Microsoft adopted the WIMP operating system, which is the most extensively used PC operating system in the world. MS-DOS is no longer used in modern versions, while the DOS command prompt is still available if necessary. Microsoft Windows has a GUI (Graphical User Interface) that allows for cooperative multitasking. Users can run a variety of programmes or applications (apps) in separate windows, each having icons that indicate clickable connections to individual apps. Many computers come pre-installed with Windows.

#3. Macintosh Operating System

The Mac OS operating system was created to operate the Apple Macintosh computer system. Apple computers were released in 1984, and Mac OS was the first commercially successful computer to feature a graphical user interface (GUI), which is likely what motivated Microsoft to create Windows. ‘System’ and ‘Finder’ were the names given to early versions of this operating system. Version 7.5.1 was the first to utilise the Mac OS logo, while version 7.6 was the first to be referred to as Mac OS officially.


Version 10 of Mac OS was released in 2001, and it was the first public release of Mac OS X. OS X is a UNIX operating system that was created after Apple bought NeXT Computer and its NeXTSTEP operating system. It is not merely a Mac OS update since it employs a distinct architecture: it is a UNIX OS that was created after Apple purchased NeXT Computer and its NeXTSTEP operating system. This is only one example of how operating systems may evolve and hybridise as a result of the acquisition of entirely new operating systems! After then, Mac OS X was shortened to simply OS X, which is presently used to run Apple Mac computers.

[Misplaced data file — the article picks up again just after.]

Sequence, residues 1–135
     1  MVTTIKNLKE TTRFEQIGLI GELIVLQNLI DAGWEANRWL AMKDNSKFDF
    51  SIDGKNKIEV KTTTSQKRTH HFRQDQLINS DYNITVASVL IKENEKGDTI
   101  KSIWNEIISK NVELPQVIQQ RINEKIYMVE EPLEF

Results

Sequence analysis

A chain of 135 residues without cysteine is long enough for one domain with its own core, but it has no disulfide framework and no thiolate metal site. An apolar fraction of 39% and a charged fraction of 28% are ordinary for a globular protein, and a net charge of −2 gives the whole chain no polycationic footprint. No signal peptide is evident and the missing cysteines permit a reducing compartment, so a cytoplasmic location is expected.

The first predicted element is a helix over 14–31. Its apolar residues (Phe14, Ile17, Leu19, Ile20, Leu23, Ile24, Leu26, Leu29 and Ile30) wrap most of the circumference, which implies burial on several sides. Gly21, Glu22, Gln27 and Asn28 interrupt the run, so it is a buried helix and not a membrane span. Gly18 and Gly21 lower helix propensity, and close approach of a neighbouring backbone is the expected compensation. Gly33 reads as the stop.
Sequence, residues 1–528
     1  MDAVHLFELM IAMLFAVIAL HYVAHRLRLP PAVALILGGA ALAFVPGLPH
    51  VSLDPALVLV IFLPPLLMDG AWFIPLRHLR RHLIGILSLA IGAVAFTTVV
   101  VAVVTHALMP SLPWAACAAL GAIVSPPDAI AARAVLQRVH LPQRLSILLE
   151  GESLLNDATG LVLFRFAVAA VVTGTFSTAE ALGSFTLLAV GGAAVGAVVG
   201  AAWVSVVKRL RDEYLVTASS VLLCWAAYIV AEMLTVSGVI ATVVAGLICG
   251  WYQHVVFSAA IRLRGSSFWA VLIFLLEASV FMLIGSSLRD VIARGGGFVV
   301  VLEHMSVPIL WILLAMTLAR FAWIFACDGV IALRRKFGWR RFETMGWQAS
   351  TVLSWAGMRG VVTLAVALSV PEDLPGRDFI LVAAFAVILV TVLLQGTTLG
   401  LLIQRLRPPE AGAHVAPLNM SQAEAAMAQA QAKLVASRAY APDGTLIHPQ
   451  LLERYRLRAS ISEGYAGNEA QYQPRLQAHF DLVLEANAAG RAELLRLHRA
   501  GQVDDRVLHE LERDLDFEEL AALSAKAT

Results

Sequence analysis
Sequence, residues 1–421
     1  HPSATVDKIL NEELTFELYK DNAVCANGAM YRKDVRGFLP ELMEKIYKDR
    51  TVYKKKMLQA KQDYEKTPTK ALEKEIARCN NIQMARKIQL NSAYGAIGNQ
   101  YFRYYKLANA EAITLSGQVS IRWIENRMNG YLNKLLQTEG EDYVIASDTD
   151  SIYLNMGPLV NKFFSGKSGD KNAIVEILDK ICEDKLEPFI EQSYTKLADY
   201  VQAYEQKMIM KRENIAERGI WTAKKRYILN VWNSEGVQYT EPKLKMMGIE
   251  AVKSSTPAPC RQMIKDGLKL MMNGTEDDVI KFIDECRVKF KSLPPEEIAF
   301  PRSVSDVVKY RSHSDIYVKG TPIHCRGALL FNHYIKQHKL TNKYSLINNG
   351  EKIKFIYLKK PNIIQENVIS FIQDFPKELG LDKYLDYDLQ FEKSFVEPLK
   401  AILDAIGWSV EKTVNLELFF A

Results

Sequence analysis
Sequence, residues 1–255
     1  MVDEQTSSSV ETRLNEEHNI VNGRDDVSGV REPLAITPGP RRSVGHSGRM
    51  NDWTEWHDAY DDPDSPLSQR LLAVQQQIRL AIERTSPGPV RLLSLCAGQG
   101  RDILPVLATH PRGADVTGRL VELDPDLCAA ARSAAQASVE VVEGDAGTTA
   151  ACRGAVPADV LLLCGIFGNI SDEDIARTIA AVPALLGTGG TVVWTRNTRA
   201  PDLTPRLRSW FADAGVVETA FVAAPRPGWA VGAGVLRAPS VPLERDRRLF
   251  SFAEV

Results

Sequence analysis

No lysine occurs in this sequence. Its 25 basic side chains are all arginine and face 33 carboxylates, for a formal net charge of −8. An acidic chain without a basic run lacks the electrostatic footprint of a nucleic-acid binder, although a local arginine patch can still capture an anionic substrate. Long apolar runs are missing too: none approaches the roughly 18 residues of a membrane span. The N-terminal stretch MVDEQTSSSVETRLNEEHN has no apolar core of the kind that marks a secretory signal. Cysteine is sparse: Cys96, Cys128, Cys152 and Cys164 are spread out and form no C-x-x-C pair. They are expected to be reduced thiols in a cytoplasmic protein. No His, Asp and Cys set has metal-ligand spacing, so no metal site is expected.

#4. UNIX Operating System

The three operating systems listed above are the most common operating systems for personal computers, such as PCs and laptops, over the years. UNIX is a somewhat different operating system that was created by Ken Thompson, Dennis Ritchie, and other Bell Labs developers.

MULTICS – Multiplexed Information and Computing System – was the name of the original. This was deemed to be a too sophisticated operating system, therefore it was renamed UNICS: Uniplexed Information and Computing System. Later, it was written UNIX, which is a more sexier spelling in the IT sector!